Following one's nose: 'Smellwalks' through qualitative data

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This Note utilises the idea of ‘smellwalks’ as a novel way of engaging with qualitative data. Based on a larger study of victims-/survivors of conflict-related sexual violence, it argues that smelling data – and allowing ourselves to viscerally imagine the odours and scents that the data evoke for us – can foster deeper insights into interviewees’ embodied experiences; in this case, embodied experiences of war and armed conflict. Within the data – consisting of 63 semi-structured interviews with victims-/survivors of conflict-related sexual violence in Bosnia-Herzegovina (BiH), Colombia and Uganda – there were frequent references to food and cooking. This Note follows the scent trails within two particular interviews – one from BiH and the other from Colombia.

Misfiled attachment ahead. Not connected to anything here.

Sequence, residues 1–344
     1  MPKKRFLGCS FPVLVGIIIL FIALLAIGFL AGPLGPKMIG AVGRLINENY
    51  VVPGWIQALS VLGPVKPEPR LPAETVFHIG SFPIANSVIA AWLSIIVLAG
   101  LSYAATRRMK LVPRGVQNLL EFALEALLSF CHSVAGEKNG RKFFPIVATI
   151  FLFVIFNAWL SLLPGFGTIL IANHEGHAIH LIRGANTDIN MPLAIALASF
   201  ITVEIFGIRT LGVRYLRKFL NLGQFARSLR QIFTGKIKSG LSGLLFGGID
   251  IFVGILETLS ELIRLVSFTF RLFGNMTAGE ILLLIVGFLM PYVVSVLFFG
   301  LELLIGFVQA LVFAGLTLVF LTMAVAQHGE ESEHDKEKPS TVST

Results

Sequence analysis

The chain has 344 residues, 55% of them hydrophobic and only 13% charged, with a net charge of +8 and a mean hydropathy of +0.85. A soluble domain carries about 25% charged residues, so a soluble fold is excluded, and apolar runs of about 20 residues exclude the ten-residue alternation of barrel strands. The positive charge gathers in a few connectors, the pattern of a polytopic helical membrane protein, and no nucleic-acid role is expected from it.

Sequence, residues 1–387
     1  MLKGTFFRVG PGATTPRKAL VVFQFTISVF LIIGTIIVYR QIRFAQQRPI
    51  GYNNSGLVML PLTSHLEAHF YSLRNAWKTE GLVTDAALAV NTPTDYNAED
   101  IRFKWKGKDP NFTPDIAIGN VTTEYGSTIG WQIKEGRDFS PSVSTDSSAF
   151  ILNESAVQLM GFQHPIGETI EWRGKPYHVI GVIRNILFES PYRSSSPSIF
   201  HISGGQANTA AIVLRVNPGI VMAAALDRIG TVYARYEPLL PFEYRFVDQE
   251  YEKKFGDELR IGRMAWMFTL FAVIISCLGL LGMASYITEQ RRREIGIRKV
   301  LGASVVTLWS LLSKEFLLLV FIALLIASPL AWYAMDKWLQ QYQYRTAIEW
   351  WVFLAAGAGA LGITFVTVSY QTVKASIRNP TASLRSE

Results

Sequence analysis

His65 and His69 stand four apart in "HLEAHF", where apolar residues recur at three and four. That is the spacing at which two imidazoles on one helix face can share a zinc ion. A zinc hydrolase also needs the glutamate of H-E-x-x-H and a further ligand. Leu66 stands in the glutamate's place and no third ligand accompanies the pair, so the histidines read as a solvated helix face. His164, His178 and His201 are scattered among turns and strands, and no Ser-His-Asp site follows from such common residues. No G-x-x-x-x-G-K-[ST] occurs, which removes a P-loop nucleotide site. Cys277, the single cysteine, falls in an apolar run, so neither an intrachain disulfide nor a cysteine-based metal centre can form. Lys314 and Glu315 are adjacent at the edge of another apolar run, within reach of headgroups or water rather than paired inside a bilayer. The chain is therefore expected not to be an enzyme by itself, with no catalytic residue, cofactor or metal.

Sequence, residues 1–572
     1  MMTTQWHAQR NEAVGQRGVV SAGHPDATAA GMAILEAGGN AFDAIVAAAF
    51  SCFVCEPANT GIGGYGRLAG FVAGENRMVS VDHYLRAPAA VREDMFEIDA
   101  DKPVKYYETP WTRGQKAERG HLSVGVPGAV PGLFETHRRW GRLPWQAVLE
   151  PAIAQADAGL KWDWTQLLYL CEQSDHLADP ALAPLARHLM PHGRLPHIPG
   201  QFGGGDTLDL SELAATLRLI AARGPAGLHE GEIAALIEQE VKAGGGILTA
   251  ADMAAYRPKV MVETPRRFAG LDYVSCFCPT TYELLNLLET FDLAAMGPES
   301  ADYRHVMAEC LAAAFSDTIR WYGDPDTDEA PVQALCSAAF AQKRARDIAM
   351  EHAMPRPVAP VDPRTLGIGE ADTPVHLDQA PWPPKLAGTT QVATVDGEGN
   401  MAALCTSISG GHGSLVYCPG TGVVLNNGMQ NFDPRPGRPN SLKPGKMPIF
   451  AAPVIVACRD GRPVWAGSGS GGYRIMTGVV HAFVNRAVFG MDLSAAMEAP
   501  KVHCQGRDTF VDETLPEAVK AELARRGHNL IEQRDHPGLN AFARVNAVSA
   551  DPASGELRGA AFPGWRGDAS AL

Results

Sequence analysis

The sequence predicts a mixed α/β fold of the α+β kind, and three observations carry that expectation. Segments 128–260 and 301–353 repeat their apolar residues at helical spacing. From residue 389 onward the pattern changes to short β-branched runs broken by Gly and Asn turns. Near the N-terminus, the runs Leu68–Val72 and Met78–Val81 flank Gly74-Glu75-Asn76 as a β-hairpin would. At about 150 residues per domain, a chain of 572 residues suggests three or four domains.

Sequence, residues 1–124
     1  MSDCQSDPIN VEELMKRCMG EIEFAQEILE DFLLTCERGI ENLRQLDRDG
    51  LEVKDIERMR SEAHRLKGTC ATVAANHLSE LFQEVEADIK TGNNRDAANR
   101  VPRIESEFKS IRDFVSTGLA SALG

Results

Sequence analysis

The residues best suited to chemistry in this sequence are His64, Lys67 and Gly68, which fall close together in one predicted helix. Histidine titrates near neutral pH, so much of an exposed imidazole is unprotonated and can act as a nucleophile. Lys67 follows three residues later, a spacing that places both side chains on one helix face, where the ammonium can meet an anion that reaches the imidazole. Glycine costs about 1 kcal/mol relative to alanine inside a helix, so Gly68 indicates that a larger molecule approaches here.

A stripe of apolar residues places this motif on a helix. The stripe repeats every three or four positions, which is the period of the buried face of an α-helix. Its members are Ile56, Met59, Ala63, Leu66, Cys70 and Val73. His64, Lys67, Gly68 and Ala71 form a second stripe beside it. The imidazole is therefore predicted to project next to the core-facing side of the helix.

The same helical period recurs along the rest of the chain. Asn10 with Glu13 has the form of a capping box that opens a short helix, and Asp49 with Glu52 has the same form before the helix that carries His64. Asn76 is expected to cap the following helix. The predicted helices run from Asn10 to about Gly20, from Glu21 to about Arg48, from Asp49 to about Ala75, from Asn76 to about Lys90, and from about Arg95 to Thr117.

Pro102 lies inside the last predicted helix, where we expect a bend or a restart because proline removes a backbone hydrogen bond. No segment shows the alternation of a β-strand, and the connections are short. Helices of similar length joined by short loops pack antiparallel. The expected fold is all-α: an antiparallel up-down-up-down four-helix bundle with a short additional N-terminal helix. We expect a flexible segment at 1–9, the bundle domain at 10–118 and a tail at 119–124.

Original languageEnglish
Number of pages11
JournalQualitative Research
Early online date19 Sept 2022
Publication statusE-pub ahead of print - 19 Sept 2022

Bibliographical note

Funding Information:
The author(s) disclosed receipt of the following financial support for the research, authorship, and/or publication of this article: This work was supported by the H2020 European Research Council (724518).

Publisher Copyright:
© The Author(s) 2022.


  • Bosnia-Herzegovina
  • Colombia
  • embodied experiences
  • food and cooking
  • ‘Smellwalks’

ASJC Scopus subject areas

  • History and Philosophy of Science
  • Social Sciences (miscellaneous)


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